Breast self-exams: Yay or nay?

CNN has posted a very interesting article about blind women in Germany who are being trained to perform breast examinations.  The program, called “Discovering Hands,” is based on the theory that the blind have a keener, more sensitive sense of touch and may be able to detect small lumps that may have otherwise been overlooked.

There is some debate about the utility of breast self-examinations.  A 2001 study published by the Canadian Task Force on Preventive Health Care argued that self exams do not benefit but rather cause harm to patients.  They associated self exams with a higher incidence of physician’s visits and unnecessary biopsies.  (You can access a summary of the article for free here.)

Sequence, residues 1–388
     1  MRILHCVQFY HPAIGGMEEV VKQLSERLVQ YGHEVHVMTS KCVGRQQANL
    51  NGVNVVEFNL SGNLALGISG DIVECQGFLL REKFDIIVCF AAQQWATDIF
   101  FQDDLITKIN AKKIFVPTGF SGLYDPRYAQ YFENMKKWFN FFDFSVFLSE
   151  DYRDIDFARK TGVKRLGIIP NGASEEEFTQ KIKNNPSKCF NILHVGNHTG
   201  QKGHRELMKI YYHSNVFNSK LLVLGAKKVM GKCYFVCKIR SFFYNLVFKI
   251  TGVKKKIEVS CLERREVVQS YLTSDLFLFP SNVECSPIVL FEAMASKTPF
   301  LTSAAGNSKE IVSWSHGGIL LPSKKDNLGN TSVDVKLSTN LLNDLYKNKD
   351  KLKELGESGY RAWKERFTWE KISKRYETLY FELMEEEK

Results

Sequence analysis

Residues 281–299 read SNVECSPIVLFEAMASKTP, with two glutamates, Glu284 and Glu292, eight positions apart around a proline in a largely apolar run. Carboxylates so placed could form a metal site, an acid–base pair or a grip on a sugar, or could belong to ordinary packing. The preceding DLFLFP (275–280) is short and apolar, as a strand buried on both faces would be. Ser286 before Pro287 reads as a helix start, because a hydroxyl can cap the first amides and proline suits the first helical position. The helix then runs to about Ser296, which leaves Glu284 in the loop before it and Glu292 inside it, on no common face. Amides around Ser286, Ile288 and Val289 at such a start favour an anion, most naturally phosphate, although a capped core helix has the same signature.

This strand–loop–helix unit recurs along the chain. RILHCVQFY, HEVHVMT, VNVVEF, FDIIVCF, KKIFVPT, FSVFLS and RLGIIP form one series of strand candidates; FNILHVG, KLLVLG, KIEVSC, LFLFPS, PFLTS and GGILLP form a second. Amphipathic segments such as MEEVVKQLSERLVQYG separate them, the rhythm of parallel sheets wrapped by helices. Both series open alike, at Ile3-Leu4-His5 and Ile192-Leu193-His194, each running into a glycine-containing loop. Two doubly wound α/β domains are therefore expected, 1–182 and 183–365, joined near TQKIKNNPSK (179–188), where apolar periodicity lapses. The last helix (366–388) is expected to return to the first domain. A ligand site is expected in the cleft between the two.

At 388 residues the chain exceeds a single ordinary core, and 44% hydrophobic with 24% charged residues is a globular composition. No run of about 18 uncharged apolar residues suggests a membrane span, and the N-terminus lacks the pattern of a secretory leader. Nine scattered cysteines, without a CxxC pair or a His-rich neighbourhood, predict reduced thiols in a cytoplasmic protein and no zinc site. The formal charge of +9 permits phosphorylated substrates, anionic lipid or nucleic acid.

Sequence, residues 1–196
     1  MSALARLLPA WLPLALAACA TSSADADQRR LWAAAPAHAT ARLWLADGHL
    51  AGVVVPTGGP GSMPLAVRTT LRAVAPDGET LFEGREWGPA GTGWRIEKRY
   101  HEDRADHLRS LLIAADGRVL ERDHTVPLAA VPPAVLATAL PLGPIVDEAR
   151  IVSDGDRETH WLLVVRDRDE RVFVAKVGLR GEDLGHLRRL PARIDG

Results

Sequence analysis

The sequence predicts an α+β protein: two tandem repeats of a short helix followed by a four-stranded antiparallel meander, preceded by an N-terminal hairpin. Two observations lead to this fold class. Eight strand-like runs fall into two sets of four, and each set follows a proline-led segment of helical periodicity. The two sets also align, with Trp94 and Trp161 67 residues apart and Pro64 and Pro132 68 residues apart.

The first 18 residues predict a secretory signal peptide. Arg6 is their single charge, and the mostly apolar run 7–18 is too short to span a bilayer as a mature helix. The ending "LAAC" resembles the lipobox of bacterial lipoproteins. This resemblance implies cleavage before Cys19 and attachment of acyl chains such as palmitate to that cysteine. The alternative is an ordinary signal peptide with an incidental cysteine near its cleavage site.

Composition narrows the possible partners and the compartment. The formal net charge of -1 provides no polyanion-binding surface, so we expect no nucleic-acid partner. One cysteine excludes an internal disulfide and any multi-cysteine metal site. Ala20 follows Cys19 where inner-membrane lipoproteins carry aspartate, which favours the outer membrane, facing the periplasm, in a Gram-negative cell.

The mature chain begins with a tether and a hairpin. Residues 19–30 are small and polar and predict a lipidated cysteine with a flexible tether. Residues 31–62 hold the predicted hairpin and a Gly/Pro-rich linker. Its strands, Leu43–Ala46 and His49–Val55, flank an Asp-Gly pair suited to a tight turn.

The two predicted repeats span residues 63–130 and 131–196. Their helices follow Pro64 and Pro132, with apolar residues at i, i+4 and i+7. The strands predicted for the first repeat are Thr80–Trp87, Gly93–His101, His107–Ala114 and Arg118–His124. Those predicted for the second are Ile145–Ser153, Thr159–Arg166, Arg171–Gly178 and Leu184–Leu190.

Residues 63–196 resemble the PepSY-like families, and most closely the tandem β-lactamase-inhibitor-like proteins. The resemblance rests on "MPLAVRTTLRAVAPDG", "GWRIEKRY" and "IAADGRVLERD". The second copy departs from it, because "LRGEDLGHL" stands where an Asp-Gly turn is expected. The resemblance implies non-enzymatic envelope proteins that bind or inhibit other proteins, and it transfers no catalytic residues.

Based on my personal experience, I am an advocate of self exams.  One of my family members discovered a small lump while doing a self exam at home, which indeed turned out to be a tumor.  Luckily, it had not spread and required a lumpectomy and six weeks of radiation to remove.  In our case, there was a family history of breast cancer and my relative was vigilant about doing self exams.  Since lumpiness of the breasts varies from woman to woman and depends on the time of the month, I can see how self exams can also be confounding and unreliable.  What are your opinions on breast self-examinations?

For more information on breast self-examination:

  • A guide from the American Cancer Society
  • A guide from the Susan G. Komen Foundation